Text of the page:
What stylistic devices are most prominent in the scene from chapter two, where Janie finds herself under a blossoming pear tree, and how does the author use them to achieve her purpose?
One of the devices that Zora Neale Hurston uses in this passage is personification, which means endowing a nonhuman being or a thing with human attributes. In this case, the attribute is speech or song. The narrator says that the pear tree
had called her [Janie] to come and gaze on a mystery.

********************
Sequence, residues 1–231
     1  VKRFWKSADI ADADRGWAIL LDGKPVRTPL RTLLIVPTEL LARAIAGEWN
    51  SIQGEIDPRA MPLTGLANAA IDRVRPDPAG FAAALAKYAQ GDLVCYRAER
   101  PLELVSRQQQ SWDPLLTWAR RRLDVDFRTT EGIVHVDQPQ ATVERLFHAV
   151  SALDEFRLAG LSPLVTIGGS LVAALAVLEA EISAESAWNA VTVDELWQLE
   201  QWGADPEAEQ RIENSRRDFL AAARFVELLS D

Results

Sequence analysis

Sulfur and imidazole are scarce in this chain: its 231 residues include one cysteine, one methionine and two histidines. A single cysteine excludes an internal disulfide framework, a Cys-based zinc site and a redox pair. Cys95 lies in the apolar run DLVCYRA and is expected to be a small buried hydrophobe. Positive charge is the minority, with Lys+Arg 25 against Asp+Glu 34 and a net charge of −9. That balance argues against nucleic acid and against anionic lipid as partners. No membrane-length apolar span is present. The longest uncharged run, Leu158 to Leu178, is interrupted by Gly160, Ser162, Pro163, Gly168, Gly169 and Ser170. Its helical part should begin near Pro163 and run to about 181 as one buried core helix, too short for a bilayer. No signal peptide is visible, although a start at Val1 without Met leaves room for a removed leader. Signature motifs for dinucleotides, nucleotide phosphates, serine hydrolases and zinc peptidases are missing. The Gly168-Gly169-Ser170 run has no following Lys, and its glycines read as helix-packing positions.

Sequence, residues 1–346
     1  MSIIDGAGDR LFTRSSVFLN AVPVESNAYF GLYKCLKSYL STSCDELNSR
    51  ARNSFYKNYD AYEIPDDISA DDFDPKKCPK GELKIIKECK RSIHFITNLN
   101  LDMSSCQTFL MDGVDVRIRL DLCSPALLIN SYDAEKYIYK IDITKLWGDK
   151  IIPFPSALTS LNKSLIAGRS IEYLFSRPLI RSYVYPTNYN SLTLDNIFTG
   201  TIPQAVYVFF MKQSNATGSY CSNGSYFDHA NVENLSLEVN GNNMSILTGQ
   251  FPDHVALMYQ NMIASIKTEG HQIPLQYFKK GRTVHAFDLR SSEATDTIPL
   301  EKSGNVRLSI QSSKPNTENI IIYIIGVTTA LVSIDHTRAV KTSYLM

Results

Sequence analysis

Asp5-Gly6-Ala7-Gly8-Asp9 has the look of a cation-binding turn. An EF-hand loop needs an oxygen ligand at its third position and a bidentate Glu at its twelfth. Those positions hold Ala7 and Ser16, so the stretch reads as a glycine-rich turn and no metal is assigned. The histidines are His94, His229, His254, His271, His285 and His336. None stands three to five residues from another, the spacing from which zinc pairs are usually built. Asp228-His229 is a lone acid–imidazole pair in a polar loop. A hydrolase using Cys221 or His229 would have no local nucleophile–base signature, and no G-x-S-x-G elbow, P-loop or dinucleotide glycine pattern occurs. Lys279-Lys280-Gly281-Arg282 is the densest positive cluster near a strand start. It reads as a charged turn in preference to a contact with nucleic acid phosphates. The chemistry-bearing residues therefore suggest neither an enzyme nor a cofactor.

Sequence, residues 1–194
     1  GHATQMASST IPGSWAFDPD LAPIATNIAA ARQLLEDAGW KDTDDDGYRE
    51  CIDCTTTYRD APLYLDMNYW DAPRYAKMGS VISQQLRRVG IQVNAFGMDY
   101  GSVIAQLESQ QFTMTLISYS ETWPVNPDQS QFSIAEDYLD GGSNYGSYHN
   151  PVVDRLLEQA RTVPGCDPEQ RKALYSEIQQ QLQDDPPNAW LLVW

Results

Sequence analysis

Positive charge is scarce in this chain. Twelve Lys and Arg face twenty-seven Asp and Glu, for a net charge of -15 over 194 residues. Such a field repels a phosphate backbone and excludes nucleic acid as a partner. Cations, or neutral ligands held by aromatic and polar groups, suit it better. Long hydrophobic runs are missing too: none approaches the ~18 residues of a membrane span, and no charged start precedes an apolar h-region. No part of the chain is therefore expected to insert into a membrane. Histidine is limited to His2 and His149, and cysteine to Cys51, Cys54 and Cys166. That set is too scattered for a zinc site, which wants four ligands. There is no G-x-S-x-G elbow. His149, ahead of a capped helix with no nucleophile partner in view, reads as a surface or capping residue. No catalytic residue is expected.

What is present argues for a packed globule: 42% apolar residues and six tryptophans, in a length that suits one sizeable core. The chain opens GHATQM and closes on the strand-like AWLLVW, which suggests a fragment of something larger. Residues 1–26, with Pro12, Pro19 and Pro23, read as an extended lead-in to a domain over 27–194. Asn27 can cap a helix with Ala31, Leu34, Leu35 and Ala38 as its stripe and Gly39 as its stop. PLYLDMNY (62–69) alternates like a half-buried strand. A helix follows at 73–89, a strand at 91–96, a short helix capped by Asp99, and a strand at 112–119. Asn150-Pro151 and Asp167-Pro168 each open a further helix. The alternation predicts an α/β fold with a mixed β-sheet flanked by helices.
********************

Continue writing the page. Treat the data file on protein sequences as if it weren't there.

The tree and Janie's fascination with it are symbols of puberty, reproductive capacity, and sexual activity, as the tree is blossoming, and she has been drawn to it "ever since the first tiny bloom had opened." The symbolism is emphasized...
(The entire section contains 263 words.)
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